It will be interesting to know when this Eastern Steppe ancestry entered into western China or it is autochthonous to this region for very long time.
It should be noted that nearly every male in the Baikal region with Yumin-like ancestry was y-hg N1, especially N1a2-L666, with brn002 having N1a2-F1101 (the so-called East Asian-specific N1a2 line and sister to N1a2-P43). I wonder if Yumin-related groups are the source of N1-L666 and N1-CTS6128 in the Lake Baikal region or if they were sourced from eastern Amur HGs, but it cannot be demonstrated as of now.
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#2
In Zeng, 2023, the “inland Northeast Asian”, from which the Yumin branch separated in the scheme of that article, contributed to the Cisbaikal_LNBA, potentially akin to the Yeniseians, but it also contributed to pre-Yakutia_LNBA Syalakh-Belkachi, which at least formally should have contained a specimen Russia_MiddleLena_Syalakh_Matta1_EN, belonging to mtDNA F1d, whereas mtDNA F1 is considered to be a haplogroup, mainly distributed in Southern East Asia in “Maternal genetic structure of a neolithic population of the Yangshao culture”, but, surprisingly, no Southeast Asia-like ancestry appeared in Syalakh-Belkachi in the general scheme of Zeng, 2023. However, the ancestry of mtDNA F1d-related population, which should have appeared in Zeng’s populations of “inland Northeast Asian” , from which the Yumin branch separated, should not suit the yDNA N1a-L729 populations, because at the Shamanka_EN site, where the most deeply diverged yDNA N1a-L666 was found, ancient mtDNA F1b1+152 was reported instead:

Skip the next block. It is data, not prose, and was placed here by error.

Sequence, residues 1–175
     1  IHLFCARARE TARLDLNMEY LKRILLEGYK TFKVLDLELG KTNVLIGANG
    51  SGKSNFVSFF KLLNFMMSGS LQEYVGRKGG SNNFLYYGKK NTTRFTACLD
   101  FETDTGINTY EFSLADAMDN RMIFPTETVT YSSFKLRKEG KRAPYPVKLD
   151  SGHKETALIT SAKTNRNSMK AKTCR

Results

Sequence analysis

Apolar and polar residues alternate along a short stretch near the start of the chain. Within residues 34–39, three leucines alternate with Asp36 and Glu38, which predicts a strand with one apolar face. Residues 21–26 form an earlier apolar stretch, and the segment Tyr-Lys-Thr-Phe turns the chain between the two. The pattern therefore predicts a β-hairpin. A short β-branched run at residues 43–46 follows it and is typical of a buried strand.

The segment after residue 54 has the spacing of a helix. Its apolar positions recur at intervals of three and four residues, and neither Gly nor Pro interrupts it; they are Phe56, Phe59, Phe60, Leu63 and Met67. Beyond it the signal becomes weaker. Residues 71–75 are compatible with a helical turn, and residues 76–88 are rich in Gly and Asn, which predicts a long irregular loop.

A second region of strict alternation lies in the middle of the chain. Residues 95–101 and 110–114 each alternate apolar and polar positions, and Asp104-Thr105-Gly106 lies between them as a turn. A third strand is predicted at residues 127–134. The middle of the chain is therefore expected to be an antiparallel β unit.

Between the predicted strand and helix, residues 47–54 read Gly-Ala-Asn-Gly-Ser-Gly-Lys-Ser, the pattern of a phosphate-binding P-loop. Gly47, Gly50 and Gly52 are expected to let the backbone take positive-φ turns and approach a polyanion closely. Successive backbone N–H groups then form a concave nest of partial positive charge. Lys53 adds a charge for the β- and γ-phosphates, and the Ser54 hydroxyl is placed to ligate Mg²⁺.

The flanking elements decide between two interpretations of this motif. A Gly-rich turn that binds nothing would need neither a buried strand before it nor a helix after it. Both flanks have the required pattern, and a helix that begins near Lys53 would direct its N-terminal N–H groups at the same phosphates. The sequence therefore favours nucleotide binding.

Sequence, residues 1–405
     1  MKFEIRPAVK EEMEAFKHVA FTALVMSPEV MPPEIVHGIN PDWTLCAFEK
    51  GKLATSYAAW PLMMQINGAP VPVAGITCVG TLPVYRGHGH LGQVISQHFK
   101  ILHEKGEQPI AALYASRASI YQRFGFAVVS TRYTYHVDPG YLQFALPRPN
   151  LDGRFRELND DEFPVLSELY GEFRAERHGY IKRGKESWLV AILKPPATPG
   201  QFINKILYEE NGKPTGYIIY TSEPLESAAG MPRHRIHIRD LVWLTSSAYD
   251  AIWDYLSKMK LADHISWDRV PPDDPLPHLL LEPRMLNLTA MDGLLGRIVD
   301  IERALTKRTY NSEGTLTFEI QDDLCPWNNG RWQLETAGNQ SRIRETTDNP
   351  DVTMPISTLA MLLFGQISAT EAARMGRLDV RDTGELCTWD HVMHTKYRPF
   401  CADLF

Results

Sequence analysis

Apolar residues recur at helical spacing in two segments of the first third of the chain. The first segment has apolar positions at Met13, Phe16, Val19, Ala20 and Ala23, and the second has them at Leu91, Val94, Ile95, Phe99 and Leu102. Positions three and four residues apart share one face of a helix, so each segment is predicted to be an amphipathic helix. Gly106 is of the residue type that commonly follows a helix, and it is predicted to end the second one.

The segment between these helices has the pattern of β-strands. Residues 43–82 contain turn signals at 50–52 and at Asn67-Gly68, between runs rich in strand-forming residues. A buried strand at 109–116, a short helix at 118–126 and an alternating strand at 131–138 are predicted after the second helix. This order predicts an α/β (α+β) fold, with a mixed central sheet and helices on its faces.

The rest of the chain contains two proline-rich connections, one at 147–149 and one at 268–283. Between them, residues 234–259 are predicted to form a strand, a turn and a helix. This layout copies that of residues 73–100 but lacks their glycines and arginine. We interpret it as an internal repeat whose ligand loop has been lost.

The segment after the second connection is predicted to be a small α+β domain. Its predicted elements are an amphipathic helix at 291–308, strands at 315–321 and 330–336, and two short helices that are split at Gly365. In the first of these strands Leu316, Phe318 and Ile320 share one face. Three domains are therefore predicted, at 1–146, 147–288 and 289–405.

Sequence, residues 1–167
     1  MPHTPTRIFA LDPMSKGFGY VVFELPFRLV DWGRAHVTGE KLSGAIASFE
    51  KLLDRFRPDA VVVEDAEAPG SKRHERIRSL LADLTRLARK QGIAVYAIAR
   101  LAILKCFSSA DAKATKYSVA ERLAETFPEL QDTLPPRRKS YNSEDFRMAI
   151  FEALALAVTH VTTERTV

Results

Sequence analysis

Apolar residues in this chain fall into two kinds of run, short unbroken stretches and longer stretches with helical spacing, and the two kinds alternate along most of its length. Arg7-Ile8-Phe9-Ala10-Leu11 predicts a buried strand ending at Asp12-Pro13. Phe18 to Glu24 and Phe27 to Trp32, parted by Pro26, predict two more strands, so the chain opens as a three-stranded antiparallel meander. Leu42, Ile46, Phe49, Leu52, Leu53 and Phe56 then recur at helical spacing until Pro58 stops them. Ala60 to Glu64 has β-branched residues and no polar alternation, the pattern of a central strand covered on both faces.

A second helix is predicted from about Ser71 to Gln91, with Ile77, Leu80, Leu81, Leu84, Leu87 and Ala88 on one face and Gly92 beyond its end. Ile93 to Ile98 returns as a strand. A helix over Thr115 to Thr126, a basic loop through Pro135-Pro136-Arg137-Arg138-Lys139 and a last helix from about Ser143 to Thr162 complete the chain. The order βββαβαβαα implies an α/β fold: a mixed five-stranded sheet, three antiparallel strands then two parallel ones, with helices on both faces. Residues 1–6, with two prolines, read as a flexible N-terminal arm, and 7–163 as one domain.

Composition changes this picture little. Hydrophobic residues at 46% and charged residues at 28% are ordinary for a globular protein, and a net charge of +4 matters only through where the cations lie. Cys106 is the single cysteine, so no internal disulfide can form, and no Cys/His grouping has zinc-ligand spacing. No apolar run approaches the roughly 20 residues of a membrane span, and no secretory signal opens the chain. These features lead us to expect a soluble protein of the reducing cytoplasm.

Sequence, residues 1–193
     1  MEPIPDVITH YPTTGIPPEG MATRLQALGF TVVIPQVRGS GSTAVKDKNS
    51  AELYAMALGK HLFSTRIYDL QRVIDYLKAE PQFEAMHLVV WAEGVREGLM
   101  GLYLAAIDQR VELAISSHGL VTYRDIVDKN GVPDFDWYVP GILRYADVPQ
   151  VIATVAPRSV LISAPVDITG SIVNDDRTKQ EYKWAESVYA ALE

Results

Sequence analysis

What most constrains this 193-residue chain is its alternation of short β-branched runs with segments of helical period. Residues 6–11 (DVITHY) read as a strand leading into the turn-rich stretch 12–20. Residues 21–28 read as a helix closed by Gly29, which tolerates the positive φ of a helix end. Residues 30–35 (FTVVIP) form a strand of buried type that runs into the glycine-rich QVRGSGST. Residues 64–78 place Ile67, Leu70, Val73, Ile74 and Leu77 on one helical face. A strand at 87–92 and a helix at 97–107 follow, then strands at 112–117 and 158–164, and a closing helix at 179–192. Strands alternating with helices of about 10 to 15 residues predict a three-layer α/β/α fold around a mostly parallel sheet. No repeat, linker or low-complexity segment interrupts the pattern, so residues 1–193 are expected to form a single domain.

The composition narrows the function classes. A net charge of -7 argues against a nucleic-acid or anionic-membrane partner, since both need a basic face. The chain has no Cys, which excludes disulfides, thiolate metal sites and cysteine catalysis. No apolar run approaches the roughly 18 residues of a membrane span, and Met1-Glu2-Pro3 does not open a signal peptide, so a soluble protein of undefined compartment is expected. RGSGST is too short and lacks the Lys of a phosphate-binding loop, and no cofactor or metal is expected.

https://www.yfull.com/mtree/F1b1-a/

In “Maternal genetic structure in ancient Shandong between 9500 and 1800 years ago”, mtDNA F1b did not appear in Early Neolithic Shandong, and, apparently, “its” populations had already been replaced there to a considerable degree.
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#3